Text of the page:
Slight Increase in Student Sleep Boosts Academic Performance


(Photo: Pixabay, Creative Commons)

For children to be healthy, it is essential for them to get adequate sleep. Health and other daily function problems can be linked to inadequate sleep. In fact, when kids get even small increases in sleep, new research has found that their grades improve.

The Examiner's Harold Mandel reports that a study at McGill University and the Douglas Mental Health University Institute, as well as the Riverside School Board in Montreal, Canada found that elementary school students improved their academic performance by gaining more sleep.

The research findings were published in the journal Sleep Medicine.

If sleep was lengthened a cumulative average of 18.2 minutes over five nights, which is a total of 91 minutes of extra sleep, children's report card grades were significantly affected.

Furthermore, the researchers observed an improvement in sleep and academic performance in students if their schools offered a sleep education program.

For the intervention group, 18.2 minutes of sleep per night resulted in an improvement of 2.3% in the quality of sleep and a reduction of 2.3 minutes in the process of going to sleep.

Also, report card grades of the young people in the intervention group in English and mathematics improved impressively. The control group showed no changes.

The team of researchers used a scientific method called Community-Based Participatory Research (CBPR), which used experiential learning that gave youngsters the qualifications needed for success in the real world, writes Ellainie Calangian of Science World Report.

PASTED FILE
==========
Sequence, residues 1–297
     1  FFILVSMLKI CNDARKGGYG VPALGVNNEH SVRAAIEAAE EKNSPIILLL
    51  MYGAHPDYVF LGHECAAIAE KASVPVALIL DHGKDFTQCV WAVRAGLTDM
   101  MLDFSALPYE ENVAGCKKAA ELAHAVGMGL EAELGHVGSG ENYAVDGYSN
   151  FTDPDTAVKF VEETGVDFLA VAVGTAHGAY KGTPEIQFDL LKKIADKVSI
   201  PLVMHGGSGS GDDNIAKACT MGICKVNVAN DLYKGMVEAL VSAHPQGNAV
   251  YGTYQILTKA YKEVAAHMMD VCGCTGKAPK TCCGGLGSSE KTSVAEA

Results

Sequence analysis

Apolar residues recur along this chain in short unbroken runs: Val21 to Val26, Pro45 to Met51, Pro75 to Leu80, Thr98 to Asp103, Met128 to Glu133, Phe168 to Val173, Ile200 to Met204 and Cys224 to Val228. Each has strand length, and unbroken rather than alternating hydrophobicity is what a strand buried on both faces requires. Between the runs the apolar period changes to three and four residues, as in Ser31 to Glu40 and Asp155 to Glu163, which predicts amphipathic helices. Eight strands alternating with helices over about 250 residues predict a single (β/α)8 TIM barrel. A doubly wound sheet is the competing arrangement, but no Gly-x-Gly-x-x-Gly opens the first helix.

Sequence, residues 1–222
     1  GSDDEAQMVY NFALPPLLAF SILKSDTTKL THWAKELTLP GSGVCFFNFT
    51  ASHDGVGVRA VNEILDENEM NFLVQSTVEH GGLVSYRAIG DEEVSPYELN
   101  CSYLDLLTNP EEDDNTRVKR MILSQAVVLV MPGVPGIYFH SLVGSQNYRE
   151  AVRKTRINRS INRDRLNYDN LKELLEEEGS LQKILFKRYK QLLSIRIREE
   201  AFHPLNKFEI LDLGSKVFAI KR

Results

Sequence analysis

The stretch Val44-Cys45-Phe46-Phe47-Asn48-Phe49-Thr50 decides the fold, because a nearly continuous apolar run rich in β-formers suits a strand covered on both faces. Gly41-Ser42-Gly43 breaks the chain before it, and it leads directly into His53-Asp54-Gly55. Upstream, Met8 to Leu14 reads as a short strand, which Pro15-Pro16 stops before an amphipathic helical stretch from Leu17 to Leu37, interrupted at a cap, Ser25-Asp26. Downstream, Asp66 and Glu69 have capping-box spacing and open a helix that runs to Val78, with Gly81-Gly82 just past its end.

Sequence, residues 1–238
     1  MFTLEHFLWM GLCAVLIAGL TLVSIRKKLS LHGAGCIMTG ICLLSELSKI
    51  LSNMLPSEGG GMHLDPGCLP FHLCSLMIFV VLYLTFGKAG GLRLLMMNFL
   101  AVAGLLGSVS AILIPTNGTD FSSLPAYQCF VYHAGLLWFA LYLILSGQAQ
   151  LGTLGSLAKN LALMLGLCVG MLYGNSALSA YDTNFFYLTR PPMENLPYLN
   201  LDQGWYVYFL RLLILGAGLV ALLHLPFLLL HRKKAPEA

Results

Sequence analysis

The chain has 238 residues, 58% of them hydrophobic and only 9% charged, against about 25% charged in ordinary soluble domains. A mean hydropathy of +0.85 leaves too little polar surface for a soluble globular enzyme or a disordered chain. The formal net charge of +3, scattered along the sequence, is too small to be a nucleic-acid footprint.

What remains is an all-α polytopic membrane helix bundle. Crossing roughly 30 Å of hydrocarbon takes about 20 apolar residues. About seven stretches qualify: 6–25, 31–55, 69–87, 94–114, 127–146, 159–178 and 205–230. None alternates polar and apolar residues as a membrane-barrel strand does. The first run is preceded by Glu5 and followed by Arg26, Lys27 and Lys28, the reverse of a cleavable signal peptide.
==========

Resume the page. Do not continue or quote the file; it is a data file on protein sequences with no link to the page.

Seventy-four healthy children between the ages of 7 and 11 were participants in the research. Parents were asked to put an ActiWatch on the non-dominant wrist of their child during four consecutive weeknights along with making a record of the children's bedtime and wake time. Researchers also asked for the children's report cards, said lead author and McGill professor Reut Gruber.

Over two-thirds of all young people have sleep problems. Not only can inadequate sleep affect academic performance, but also can result in a lack of energy, depression, irritability, stress, and tiredness.

Cynthia Lee writes on the McGill University website that the sleep education arm of the research was made up of six interactive classes of two hours each given over a period of six weeks. The course was offered during school time by the pupils' homeroom teachers.

The materials were developed and tailored to fit the child's grade level. The success of the program caused scientists to encourage the integration of sleep education programs in schools' health curriculum.

Lack of adequate sleep is especially common among teenagers. More middle and high schools have considered changing their starting times to accommodate teen's particular sleep schedule problems. In fact, experts such as members of the American Academy of Pediatrics and the Centers for Disease Control have recommended that high schools "delay the start of class to 8:30 am or later."

The Statesman Journal reports that some schools agreed to do so, but in Canada, 43% of schools continue to start before 8:00 am.

Although pediatricians suggest that teenagers need 8.5 to 9.5 hours of sleep at the very least, 69% get less than 8 hours. More than one-half of teens are getting fewer hours of sleep than they require.

Sleep deprivation for teens can lead to higher levels of being late to school, symptoms of depression, and even substance abuse. writes that teenagers have:

"More alertness at 8 p.m. than earlier in the day" and "… greater alertness at 10 p.m."

Also, research from the Multiple Sleep Latency Test showed that:

"Adolescents became sleepier in the middle of the day."

It only makes sense that if teens are more alert as the day passes, schools should start at 8:30 am or after to make up for teens' late bedtimes, writes Isabel Burke, a seventh-grader in the Salem-Keizer school district, for the Statesman Journal.

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